See the young Moon meet the gas giants at dusk, 3–5 October

By Ade Ashford

Observers in Western Europe and the UK should look low to the south-southwest at nautical dusk (about 8pm BST in the British Isles) from 3 to 5 October 2019 to view the waxing crescent Moon pass close to Jupiter and Saturn, the Solar System’s largest gas giant planets. This looping animation represents a section of the sky some 50 degrees wide, or about twice the span of an outstretched hand at arm’s length. Note that the Moon’s apparent size has been enlarged three times for clarity. AN animation by Ade Ashford.
Now that the season of mists and mellow fruitfulness is upon us in the Northern Hemisphere, it’s sobering to think that the opposition dates of Jupiter and Saturn – the two largest planets in the Solar System – were four and three months ago, respectively. At the start of October, Saturn is low in the south as civil twilight ends, while Jupiter has already started its descent into the south-southwest. Observers at our northern temperate latitudes should, therefore, make the most of any opportunities to view them.

Fortunately, the waxing crescent Moon of the current lunation acts as a very convenient celestial guide to identifying Jupiter and Saturn with the naked eye in the first week of this month. As viewed from the heart of the British Isles, the 5½-day-old Moon lies just 1½ degrees to the upper right of magnitude -2.0 Jupiter at 8pm BST on Thursday, 3 October. Then, 48 hours later, the first quarter Moon lies 1½ degrees to the lower right of magnitude +0.5 Saturn. Hence at 8pm BST on the nights of 3 and 5 October, small telescopes and binoculars magnifying less than 30× permit views of Jupiter and Saturn within the same field of view as the Moon.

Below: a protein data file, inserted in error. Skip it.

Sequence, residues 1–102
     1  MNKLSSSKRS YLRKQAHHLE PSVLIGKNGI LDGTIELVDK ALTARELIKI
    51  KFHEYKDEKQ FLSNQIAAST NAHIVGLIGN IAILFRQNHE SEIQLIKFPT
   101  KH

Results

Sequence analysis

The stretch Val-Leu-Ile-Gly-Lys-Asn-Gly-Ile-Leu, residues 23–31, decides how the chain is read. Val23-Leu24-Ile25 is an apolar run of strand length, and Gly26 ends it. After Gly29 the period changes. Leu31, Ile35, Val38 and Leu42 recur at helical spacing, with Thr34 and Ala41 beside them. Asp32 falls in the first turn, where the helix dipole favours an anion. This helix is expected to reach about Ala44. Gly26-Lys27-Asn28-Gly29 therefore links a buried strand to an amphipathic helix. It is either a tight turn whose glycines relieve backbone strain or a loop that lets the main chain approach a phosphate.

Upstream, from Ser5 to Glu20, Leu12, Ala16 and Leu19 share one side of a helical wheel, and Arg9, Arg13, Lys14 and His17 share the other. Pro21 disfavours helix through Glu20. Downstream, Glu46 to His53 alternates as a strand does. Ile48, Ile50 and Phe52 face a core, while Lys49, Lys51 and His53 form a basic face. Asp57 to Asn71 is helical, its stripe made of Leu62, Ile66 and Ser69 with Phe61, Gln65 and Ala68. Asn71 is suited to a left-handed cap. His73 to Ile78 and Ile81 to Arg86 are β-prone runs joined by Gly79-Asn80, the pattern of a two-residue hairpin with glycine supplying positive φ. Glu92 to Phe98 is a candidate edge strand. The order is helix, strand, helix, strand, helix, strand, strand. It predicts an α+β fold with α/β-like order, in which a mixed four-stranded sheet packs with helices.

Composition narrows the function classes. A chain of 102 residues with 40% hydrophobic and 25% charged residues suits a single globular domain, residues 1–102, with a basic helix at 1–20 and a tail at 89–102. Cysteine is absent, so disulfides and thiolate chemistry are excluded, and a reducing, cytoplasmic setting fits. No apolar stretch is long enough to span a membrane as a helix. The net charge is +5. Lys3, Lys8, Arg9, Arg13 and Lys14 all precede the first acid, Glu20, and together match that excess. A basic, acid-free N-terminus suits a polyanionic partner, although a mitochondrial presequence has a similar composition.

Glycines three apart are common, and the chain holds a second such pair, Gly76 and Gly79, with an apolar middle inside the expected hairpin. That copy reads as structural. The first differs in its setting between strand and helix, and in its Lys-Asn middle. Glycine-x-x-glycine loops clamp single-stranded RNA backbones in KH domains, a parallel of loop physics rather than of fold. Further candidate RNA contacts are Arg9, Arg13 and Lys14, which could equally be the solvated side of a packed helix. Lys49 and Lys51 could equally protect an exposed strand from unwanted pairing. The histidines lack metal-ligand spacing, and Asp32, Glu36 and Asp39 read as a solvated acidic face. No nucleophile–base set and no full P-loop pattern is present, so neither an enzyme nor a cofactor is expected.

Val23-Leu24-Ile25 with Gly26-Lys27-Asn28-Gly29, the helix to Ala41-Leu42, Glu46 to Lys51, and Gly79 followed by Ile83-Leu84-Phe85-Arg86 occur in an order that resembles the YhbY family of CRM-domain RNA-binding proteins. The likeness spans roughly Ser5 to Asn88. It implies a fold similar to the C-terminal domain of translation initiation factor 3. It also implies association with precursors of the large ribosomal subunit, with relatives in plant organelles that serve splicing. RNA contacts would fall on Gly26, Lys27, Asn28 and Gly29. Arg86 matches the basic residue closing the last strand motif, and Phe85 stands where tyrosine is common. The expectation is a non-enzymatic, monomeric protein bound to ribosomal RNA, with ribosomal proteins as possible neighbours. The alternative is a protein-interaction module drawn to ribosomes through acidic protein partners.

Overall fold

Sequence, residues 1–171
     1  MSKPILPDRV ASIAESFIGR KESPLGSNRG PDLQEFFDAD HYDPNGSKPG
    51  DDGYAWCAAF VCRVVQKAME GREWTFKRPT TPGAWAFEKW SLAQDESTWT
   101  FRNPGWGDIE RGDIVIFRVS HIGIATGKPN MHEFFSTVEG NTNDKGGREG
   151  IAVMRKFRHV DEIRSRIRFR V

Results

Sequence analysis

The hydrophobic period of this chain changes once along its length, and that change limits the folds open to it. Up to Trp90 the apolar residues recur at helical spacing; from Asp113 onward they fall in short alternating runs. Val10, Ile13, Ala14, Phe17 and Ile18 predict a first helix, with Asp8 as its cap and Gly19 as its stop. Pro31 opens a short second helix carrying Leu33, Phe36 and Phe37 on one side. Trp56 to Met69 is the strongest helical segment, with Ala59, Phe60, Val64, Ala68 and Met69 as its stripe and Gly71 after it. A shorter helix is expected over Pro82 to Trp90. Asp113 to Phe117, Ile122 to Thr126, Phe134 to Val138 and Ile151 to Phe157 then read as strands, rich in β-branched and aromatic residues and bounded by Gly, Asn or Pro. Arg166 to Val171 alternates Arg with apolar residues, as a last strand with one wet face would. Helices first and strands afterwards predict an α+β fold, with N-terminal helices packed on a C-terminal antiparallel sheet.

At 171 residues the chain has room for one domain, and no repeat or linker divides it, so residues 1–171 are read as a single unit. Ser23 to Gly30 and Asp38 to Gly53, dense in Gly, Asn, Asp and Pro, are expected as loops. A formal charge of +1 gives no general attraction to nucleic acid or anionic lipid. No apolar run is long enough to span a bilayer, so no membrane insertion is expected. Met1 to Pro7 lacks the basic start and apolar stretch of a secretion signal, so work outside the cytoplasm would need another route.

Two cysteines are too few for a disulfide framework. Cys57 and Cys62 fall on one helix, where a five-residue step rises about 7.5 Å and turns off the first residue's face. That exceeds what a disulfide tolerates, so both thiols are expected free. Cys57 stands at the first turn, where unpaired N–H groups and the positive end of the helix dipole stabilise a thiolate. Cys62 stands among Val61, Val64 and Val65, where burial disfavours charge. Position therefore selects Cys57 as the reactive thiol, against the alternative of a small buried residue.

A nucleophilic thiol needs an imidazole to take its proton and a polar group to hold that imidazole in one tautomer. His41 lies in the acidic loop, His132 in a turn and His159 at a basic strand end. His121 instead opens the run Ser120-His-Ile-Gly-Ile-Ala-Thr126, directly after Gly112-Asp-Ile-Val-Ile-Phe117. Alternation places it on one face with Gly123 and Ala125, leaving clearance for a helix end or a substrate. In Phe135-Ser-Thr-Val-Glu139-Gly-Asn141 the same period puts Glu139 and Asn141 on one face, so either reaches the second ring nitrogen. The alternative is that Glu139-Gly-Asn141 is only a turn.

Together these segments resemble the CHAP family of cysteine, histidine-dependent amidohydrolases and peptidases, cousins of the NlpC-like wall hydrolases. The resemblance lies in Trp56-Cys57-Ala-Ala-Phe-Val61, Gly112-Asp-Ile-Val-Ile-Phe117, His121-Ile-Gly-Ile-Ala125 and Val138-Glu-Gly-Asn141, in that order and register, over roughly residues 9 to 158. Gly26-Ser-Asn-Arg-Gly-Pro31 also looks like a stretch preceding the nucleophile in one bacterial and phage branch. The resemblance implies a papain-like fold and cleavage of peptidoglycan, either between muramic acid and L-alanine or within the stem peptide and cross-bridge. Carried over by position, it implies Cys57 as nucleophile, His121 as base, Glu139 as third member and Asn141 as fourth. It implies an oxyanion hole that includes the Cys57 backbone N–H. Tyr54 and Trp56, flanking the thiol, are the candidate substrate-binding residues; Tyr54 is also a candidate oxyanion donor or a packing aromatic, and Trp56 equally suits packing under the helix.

If you are fortunate to have clear skies for both of these conjunctions, contemplate that Jupiter and Saturn are currently situated 830 million and 1,490 million kilometres, respectively, from Earth. Put another way, Jupiter and Saturn presently lie 2,178 and 3,800 times farther away than the lunar crescent that appears closely in their same line of sight on the nights in question.

The Moon hides the ringed planet
The first quarter Moon merely passes close by Saturn on 5 October as seen from Western Europe, but elsewhere in the world the view is rather more interesting. As seen from Chile and Argentina, for example, the Moon actually passes in front of (or, occults, to use the correct terminology) the ringed planet, but in daylight. However, as seen from Africa – specifically Angola, most of Zambia, Namibia, Botswana, Zimbabwe and South Africa – the lunar occultation of Saturn is visible in a dark sky before moonset in the west.